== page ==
Laser gum contouring is an excellent option for those who dislike the look of their smiles due to gum irregularities. From excessive gum tissue to needing gum regeneration, laser therapy is the cutting edge approach. When done for merely aesthetic reasons, laser gum contouring is considered a cosmetic procedure and often not covered by insurance. However, if gum contouring is needed because of oral health issues, insurance may cover a portion.

Laser gum contouring is highly effective at solving a variety of gum issues. As an excellent alternative to traditional surgical solutions that involve scalpels, patients can look forward to shorter and less painful recovery times. Don’t like the look of your gums? Are you having a gummy smile and are interested in laser gum surgery?

For those that have their smiles affected by gum line issues, including gummy smiles and gum recession due to a variety of factors, our dental office is here to help. Request an appointment today online or by phone at (209) 955-1500 to schedule a consultation with our dentist, Dr. Nozaki.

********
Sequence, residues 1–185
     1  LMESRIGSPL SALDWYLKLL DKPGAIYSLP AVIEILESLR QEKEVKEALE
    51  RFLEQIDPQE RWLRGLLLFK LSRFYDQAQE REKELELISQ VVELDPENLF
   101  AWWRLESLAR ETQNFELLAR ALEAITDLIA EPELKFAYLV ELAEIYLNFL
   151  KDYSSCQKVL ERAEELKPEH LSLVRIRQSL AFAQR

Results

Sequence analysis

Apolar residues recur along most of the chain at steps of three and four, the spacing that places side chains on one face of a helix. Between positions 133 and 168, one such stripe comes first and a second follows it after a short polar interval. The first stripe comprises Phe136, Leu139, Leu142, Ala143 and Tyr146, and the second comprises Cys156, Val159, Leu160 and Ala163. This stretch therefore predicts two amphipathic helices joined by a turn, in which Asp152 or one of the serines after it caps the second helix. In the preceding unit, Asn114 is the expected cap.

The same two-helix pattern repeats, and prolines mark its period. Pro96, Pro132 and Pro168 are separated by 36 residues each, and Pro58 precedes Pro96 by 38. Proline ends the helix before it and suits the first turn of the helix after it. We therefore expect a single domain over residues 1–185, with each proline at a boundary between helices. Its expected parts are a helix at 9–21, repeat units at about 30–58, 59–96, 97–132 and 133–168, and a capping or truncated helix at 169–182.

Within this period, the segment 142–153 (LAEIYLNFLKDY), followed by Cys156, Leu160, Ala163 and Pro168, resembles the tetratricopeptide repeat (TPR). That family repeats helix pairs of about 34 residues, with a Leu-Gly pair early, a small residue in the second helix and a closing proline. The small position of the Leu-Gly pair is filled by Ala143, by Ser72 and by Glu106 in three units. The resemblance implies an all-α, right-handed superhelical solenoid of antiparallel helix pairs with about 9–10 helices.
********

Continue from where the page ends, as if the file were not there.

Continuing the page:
Stephen Nozaki, DDS, MPH, DIDIA

Dr. Stephen Nozaki is the owner and lead dentist at Image Dental in Stockton. He is a dedicated professional born and raised in California's Central Valley. With a commitment to his community, he brings advanced dental techniques learned from extensive education and continuous training from around the world. A third-generation Japanese American, Dr. Nozaki has a rich background that includes international living and a deep passion for both dentistry and outdoor activities. His focus in dentistry aligns with his passion for cosmetics and dental implants.